Transit of Venus
Every summer during family vacations in the Adirondack Mountains, Ashley Disbrow (MCS'14) and her father would go out to the dock by the lake and stargaze.
Pointing out the constellations and planets, he sparked her lifelong love for astronomy.
"Our favorite was always Mars. It captured my imagination and got me interested in learning more about the universe," said Disbrow, who is now a physics major at Carnegie Mellon University.
Once she started attending public observation nights in the park, she was hooked.
"The most remarkable observation night we experienced was the first time I saw Saturn through a telescope," she said.
It's exactly this kind of enthusiasm CMU astronomers hoped they inspired when they invited the community to join them to view one of the rarest predictable astronomical events - the transit of Venus across the face of the Sun.
The transit of Venus is like a solar eclipse by the moon except that Venus, despite having a diameter more than three times that of the moon, is much farther away from Earth so Venus appears much smaller. The next transit of Venus won't happen again until December 11, 2117.
"I was encouraged by the large number of people, young and old, that turned out and their enthusiasm for astronomy," said Nick Battaglia, a McWilliams postdoctoral fellow in CMU's Department of Physics. "The event demonstrated what a great opportunity we have here at CMU to engage, educate and interact with Pittsburghers on astronomy-related topics."
Diane Turnshek, a CMU outreach coordinator; Michelle Ntampaka, special lecturer and lab technician; and Battaglia organized the event, complete with telescopes and special Sun-viewing glasses available for every stargazer.
During the course of the evening, more than 250 people gathered on the lawn between Doherty and Baker Halls. Overcast skies, however, sent most indoors to the university's brand new computer teaching cluster in Wean Hall where they could watch NASA's live feed of the transit from Hawaii on six large screens.
Fourteen volunteers — ranging from professors, researchers and visiting scholars to post docs, grad students, staff and undergraduates — mingled through the crowd to explain the event's significance and answer questions.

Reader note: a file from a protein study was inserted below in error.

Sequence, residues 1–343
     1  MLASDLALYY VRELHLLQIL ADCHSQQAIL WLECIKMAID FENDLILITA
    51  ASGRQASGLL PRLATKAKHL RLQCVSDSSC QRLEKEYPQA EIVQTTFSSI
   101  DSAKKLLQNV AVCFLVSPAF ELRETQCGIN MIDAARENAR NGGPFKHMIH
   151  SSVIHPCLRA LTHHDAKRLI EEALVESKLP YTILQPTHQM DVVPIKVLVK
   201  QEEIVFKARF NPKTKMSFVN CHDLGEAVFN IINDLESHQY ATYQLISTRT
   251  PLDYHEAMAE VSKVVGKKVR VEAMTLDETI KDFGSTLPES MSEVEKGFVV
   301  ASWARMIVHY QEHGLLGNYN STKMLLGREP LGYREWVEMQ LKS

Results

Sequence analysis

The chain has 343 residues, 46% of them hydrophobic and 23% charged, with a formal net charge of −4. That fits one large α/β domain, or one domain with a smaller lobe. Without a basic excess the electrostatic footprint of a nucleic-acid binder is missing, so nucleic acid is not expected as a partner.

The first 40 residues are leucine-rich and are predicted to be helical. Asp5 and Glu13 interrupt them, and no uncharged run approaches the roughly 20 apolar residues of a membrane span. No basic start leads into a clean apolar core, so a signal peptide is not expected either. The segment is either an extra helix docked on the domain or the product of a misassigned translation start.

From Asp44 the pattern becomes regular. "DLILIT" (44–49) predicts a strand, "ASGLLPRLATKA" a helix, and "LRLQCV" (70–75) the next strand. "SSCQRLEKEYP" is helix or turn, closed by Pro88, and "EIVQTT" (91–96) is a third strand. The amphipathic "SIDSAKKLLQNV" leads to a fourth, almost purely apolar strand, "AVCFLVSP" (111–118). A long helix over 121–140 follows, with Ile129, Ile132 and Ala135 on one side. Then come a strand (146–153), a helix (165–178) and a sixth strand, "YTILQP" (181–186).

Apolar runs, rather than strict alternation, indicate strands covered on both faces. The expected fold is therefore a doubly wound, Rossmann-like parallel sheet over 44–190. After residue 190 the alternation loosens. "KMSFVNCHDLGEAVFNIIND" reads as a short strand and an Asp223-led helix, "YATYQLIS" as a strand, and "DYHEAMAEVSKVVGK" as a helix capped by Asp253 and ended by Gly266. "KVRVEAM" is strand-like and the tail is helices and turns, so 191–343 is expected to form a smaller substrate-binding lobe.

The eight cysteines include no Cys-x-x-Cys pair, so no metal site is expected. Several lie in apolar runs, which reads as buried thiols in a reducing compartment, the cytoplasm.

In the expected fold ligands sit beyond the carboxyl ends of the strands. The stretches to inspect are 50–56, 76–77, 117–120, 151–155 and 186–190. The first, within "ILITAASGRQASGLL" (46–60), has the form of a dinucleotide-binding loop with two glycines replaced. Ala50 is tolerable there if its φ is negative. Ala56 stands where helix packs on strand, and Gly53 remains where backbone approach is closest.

Venus transits are of historical importance as astronomers used them to determine the distance between Earth and the Sun for the first time. Venus transits also gave astronomers their first realistic estimates of the size of our solar system.
Turnshek explained, "In the 1700s, teams from different spots on the Earth recorded the start and end times of transit, which varied from one team to the next."
She continued, "The teams knew precisely how many kilometers they were apart and used simple geometry — knowing two angles and the side in between them — to find the distance to the Sun to within one percent of the actual value."
Venus takes six hours to cross the face of the Sun, but even if the skies had been clear, stargazers would have only seen a couple of hours of that before the Sun set for the evening, Turnshek said.
"People were just thrilled to talk about it, even though it was cloudy," said Turnshek, who exchanged contact info with many of the people. Outreach coordinators like Turnshek extend the bounds of the university to the community by finding interested clubs, Scout troops, church groups, alumni, science fair organizers and especially school teachers to host university scientists.
"Many were teachers, and so we're already planning to have our physicists here at CMU go into their classrooms next year and talk to their students about science."